Leslie A. Lytle, Professor and Chair, Division of Health Behavior, University of North Carolina, Chapel Hill, NC.

Melissa N. Laska, Associate Professor, Division of Epidemiology and Community Health, University of Minnesota, Minneapolis, MN.


  • Block JP, He Y, Zaslavsky AM, Ding L, Ayanian JZ. Psychosocial stress and change in weight among US adults. Am J Epidemiol. 2009;170(2):181–192. [PMC free article] [PubMed]
  • Cohen S, Williamson GM. Perceived Stress in a Probability Sample of the United States. In: Spacapan S, Oskamp S, editors. The Social Psychology of Health. Newbury Park, CA: Sage; 1988.
  • Cox TL, Krukowski R, Love SJ, Eddings K, DiCarlo M, Chang JY, West DS. Stress management-augmented behavioral weight loss intervention for African American women: a pilot, randomized controlled trial. Health Educ Behav. 2013;40(1):78–87. [PubMed]
  • Elfhag K, Rossner S. Who succeeds in maintaining weight loss? A conceptual review of factors association with weight loss maintenance and weight regain. Obesity Reviews. 2005;6:67–85. [PubMed]
  • Kim KH, Bursac Z, DiLillo V, White DB, West DS. Stress, race, and body weight. Health Psychol. 2009;28(1):131–135. [PMC free article] [PubMed]
  • Larson NI, Neumark-Sztainer D, Hannan PJ, Story M. Family meals during adolescence are associated with higher diet quality and healthful meal patterns during young adulthood. J Am Diet Assoc. 2007;107(9):1502–1510. [PubMed]
  • Laska MN, Pasch KE, Lust K, Story M, Ehlinger E. The differential prevalence of obesity and related behaviors in two- vs. four-year colleges. Obesity. 2011;19(2):453–456. [PMC free article] [PubMed]
  • Lee EH. Review of the psychometric evidence of the perceived stress scale. Asian Nurs Res (Korean Soc Nurs Sci) 2012;6(4):121–127. [PubMed]
  • Lytle LA, Moe SG, Nanney MS, Laska MN, Linde JA. Designing a Weight Gain Prevention Trial for Young Adults: The CHOICES Study. Am J Health Educ. 2014;45(2):67–75. [PMC free article] [PubMed]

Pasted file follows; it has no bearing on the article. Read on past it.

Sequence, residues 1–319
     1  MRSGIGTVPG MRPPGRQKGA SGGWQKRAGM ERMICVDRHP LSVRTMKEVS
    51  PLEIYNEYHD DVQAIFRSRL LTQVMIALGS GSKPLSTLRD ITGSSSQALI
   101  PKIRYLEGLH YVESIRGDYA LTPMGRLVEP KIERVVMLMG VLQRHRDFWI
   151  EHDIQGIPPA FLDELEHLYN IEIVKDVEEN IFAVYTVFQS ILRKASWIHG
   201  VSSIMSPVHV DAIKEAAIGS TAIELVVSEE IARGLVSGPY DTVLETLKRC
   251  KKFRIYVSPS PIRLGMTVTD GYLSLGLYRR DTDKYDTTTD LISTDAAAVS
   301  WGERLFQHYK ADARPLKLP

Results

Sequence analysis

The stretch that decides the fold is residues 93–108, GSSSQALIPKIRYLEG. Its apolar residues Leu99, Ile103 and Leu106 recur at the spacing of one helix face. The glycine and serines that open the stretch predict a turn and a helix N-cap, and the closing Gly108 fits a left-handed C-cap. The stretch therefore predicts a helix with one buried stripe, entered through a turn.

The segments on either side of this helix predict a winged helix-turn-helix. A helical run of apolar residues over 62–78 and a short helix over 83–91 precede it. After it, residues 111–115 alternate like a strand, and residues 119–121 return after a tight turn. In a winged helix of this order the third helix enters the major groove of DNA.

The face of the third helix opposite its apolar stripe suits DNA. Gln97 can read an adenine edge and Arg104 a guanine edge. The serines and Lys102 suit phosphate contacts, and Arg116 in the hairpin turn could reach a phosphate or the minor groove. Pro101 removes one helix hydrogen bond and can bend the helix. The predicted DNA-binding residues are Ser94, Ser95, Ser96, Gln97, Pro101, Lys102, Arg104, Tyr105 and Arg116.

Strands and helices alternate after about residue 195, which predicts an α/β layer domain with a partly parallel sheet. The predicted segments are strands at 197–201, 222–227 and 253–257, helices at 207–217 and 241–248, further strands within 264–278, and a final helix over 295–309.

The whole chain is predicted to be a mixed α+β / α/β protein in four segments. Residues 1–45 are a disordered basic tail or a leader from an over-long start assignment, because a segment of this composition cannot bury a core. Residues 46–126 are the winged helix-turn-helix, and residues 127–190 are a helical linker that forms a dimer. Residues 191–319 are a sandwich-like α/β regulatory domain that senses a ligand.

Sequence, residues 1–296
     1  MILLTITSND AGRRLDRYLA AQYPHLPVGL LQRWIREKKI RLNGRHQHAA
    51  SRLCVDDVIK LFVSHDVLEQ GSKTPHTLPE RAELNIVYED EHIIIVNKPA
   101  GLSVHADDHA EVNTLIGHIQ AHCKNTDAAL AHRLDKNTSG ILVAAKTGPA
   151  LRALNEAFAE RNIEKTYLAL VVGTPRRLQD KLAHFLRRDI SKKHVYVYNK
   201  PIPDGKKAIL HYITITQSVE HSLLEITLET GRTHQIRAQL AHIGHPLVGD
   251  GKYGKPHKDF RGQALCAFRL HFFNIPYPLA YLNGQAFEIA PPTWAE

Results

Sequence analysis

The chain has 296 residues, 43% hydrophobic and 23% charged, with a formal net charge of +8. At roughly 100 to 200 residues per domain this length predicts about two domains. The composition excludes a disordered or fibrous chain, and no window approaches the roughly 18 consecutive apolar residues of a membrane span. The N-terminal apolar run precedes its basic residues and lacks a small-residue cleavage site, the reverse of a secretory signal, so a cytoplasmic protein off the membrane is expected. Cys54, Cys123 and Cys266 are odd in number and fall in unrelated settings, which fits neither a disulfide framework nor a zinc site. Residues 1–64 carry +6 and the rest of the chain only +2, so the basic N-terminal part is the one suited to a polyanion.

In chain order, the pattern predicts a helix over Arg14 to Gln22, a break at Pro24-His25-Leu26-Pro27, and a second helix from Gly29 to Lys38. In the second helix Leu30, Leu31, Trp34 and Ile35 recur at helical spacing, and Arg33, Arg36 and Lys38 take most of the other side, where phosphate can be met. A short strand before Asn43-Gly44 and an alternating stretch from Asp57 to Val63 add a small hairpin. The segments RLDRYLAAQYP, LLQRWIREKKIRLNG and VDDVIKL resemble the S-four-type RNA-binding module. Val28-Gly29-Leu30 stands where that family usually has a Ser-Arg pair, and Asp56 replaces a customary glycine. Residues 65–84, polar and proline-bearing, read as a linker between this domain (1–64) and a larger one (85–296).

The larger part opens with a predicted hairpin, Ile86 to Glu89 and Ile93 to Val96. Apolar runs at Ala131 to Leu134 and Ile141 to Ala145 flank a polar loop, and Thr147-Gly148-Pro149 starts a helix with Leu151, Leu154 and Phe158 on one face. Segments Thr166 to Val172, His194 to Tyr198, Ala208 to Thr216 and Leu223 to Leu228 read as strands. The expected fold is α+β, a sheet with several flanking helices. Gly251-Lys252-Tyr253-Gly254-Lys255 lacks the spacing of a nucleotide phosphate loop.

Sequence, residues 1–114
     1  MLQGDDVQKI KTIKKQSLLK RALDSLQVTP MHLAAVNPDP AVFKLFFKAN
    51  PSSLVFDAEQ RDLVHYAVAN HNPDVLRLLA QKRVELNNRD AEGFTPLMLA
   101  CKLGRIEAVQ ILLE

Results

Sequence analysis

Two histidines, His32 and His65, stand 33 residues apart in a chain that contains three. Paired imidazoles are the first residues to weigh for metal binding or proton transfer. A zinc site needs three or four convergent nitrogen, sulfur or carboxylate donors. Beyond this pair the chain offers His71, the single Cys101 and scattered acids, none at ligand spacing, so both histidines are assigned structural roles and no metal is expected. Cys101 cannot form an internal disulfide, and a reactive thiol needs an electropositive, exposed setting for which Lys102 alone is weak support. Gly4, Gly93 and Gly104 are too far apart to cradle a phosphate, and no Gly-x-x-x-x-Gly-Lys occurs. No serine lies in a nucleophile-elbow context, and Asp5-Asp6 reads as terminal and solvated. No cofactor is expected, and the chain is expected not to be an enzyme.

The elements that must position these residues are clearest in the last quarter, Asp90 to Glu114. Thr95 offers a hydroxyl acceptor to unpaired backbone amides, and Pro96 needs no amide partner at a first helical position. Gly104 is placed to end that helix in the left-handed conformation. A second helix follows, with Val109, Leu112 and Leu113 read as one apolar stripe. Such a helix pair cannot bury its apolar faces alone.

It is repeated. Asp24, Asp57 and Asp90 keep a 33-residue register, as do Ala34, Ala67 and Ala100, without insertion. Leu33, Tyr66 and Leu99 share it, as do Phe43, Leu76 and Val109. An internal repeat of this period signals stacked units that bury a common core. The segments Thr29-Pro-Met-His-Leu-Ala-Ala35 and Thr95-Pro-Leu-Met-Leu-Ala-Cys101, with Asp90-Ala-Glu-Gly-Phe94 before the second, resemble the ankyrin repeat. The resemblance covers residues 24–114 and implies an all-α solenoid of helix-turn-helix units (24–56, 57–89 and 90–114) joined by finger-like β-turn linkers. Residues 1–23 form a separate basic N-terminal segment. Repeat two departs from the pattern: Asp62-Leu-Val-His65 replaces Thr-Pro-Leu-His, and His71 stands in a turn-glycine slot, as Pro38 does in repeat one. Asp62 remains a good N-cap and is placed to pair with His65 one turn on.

• Nanney MS, Lytle LA, Farbakhsh K, Moe SG, Linde JA, Gardner JK, Laska MN. Weight and weight-related behaviors among 2-year college students. Journal of American College Health. 2015 Feb;18:1–9. Epub ahead of print. [PMC free article] [PubMed]
  • Nelson MC, Lust K, Story M, Ehlinger E. Credit Card Debt, Stress and Key Health Risk Behaviors Among College Students. American Journal of Health Promotion. 2008;22(6):400–406. [PubMed]
  • Nelson MC, Story M, Larson NI, Neumark-Sztainer D, Lytle LA. Emerging adulthood and college-aged youth: an overlooked age for weight-related behavior change. Obesity. 2008;16(10):2205–2211. [PubMed]
  • Ng DM, Jeffery RW. Relationships between perceived stress and health behaviors in a sample of working adults. Health Psychol. 2003;22(6):638–642. [PubMed]
  • Pelletier JE, Laska MN. Balancing Healthy Meals and Busy Lives: Associations between Work, School, and Family Responsibilities and Perceived Time Constraints among Young Adults. J Nutr Educ Behav. 2012;44(6):481–489. [PMC free article] [PubMed]
  • Physical Activity Guidelines Advisory Committee. Physical activity guidelines advisory committee report. Washington, DC: U.S. Department of Health and Human Services; 2008.
  • Piernas C, Popkin BM. Snacking increased among U.S. adults between 1977 and 2006. J Nutr. 2010;140(2):325–332. [PubMed]
  • Roberts KC, Danoff-Burg S. Mindfulness and health behaviors: is paying attention good for you? J Am Coll Health. 2010;59(3):165–173. [PubMed]
  • Sinha R, Jastreboff AM. Stress as a common risk factor for obesity and addiction. Biol Psychiatry. 2013;73(9):827–835. [PMC free article] [PubMed]
  • Torres SJ, Nowson CA. Relationship between stress, eating behavior, and obesity. Nutrition. 2007;23(11–12):887–894. [PubMed]
  • VanKim NA, Laska MN. Socioeconomic disparities in emerging adult weight and weight behaviors. Am J Health Behav. 2012;36(4):433–445. [PMC free article] [PubMed]